Thursday, 8 October 2015

The Game of School Revisited- #EdBlogNZ reflection

It has been an interesting exercise to go back through some of my previous posts and consider whether my position is the same or different now. As I have recently re-entered the state system and will be teaching full time again this term it is a good time to review my perspective and the difference between what is between my ears and reality. 

Earlier this year I wrote two pieces about the Game of School, the first a rather dystopian perspective (I learned that word in a Children's Literature paper I did a couple of years ago) and the second a positive, forward looking perspective to offer a challenge to the first post.  

On reflection there probably needs to be a third in the series and I think this one needs to be written for teachers, perhaps looking at how we can change the rules to the Game of School despite the pressures on us to stick to the old ones. Here are some thoughts: 

1. The first thing is that you are not alone, you don't have to change the rules on your own, there is a whole world full of people out there with different ideas that are happy to share and grow with you. 

Recently I have been getting more connected with other educators in various forums: on the NZTeachers(Primary) Facebook Page which is a valuable tool for sharing ideas; in online discussions with other learners completing a paper on Internet Based Learning through Otago University Distance Learning; more recently participating in the #amplifiEDU twitter chat (fast and furious for a first timer but SO interesting!); and most recently engaging with the #EdBlogNZ challenge. I can't believe how much I am learning! 

2. Don't be afraid to try something new, co-construct what you do with your learners, let them know that we are going to try some stuff that is a little bit different and if it doesn't work then we can try shift or change or try something else. 

We can teach our children heaps by trying things and being open to them not working out. Failure isn't a bad thing, it is what real learners do... just think about toddlers learning to walk, if they gave up at the first hurdle then most of us would still be crawling or bum shuffling (now the image that brings up makes me chuckle a bit!) 

3.  Not everyone will like you changing the rules, but remember you can't please all the people all the time and if you know WHY you are doing what you are doing then pursue it but remember to do so with respect to the values of others and your community. Sometimes doing what is right will mean you need to do what is different, sometimes what is right is darned hard work but if it makes a difference for your learners then it will be worth it.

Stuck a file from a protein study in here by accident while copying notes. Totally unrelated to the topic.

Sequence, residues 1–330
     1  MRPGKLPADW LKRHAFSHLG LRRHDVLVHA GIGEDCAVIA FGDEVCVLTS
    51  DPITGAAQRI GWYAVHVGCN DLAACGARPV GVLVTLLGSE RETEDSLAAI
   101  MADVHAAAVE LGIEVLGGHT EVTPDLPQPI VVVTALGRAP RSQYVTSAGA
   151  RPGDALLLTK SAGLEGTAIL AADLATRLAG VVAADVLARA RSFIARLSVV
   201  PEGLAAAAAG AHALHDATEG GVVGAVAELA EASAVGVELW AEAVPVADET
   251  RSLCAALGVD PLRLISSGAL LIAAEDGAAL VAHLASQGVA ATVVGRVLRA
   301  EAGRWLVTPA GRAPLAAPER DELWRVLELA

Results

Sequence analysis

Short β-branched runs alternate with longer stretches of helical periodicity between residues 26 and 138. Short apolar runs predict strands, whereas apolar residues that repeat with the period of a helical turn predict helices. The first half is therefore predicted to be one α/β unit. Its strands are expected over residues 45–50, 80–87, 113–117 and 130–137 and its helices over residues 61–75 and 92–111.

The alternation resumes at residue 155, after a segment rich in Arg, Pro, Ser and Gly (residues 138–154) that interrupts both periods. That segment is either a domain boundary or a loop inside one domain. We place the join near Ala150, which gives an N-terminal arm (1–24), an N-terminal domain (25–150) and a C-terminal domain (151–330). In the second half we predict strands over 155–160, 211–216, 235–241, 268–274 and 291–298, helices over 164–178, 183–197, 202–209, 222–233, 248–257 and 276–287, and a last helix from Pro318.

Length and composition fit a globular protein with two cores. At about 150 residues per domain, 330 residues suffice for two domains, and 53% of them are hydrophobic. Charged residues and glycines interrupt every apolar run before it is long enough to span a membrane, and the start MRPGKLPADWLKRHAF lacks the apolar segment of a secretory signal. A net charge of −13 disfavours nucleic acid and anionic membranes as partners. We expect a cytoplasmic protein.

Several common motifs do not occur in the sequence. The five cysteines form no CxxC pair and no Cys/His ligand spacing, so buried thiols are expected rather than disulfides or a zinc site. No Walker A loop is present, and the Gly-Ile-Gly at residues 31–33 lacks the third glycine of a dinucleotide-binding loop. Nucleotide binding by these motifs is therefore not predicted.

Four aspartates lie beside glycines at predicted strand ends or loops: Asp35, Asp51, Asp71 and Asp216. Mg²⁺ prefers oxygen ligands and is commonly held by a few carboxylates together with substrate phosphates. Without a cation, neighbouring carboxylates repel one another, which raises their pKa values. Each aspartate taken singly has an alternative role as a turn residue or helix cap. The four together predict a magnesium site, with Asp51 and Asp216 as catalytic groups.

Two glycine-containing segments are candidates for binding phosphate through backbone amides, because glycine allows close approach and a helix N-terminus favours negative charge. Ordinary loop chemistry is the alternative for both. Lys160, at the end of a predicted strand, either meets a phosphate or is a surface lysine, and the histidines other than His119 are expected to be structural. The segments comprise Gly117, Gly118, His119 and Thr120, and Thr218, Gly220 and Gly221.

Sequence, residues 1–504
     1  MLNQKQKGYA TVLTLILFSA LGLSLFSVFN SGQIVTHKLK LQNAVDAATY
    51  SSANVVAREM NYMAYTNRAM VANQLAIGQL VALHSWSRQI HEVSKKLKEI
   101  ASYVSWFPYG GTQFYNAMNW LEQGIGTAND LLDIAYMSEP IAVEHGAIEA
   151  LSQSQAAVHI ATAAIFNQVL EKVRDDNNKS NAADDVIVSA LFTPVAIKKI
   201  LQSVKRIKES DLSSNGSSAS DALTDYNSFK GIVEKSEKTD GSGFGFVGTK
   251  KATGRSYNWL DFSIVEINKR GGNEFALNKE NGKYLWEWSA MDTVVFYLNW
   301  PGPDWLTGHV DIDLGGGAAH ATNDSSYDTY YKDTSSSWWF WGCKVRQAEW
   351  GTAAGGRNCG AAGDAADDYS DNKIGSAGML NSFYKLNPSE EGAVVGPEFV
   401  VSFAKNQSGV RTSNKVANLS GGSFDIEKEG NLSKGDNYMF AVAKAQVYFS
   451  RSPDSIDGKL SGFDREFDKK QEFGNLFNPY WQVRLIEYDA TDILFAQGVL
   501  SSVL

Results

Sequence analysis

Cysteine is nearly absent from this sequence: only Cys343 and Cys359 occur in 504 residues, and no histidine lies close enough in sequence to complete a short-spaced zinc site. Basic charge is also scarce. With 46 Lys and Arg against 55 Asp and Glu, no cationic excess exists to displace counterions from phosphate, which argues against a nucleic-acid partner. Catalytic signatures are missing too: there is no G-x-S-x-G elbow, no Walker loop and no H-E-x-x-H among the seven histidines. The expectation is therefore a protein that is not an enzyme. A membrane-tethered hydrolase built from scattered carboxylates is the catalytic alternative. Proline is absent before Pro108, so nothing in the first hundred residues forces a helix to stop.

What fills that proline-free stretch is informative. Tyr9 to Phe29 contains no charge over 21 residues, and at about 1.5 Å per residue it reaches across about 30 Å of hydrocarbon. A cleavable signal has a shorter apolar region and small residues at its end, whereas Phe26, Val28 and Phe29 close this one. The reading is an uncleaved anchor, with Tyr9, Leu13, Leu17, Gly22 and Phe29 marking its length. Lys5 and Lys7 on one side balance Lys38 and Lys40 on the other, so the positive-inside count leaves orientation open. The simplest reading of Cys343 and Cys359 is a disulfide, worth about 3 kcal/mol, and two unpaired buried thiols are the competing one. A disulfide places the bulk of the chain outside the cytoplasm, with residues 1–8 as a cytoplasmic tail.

There are a lot of reasons for people not getting behind your new approach... sometimes they are happy with what they are doing and seeing positive results for their learners, they might like the rules, sometimes they feel like they have a better idea but no-one asked them, sometimes it is actually daft idea and they can see that, sometimes they feel threatened by the rate of change around them and just want to keep doing what they know, sometimes they just need time to get used to an idea and see it in action, sometimes they might not like you and that's not really your problem (unless you have really done something to upset them and haven't attempted to address that in some way!)...  you get the picture. New ideas will often be met with some resistance, in the past there have been times when I have felt really lonely as I have tried something new, technology offers us a community to help mitigate that isolation now-a-days. 

4. Notice what happens when you change the rules. Observe, research, read, listen, learn and record your new idea and what happens when you implement it. This is good for your own practice as an educator, it helps you to note positive or negative impacts, it also helps you to become more informed about your practice and then gives you the material to be able to share it with others. 

Again technology is our friend. Use the internet and your contacts to read reliable information about what you are interested in. Read/listen widely, not only to the perspective that supports your assumptions but to the ones that counter it too... there is much to be learned. Practice a little skepticism too and where possible verify your sources. The sharing of new practices or your adaptations of others ideas is what I understand to be amplification... taking what is and shifting it and sharing it so that it can grow more. 

5. Look after yourself. This really should be the FIRST rule. Too often I hear people talk about putting on your own oxygen mask first, that you cannot give of yourself if your tank is empty etc. It makes sense. We want the people in our class to be bright, engaged, enthusiastic learners but that is a hard ask if they have a shell of a human being eking out the last of their energy just turning up to teach.  

We are no longer isolated islands of practice in the four walls of our classrooms, we have the capacity to connect with other educators all over the world. We are in a position to learn so much more from each other than we could in the past. We do make a difference and can make an even bigger difference if we work together... it is so tough being a maverick all on your own, much more fun being a maverick with friends! Let's start a movement... see below for instructions... 

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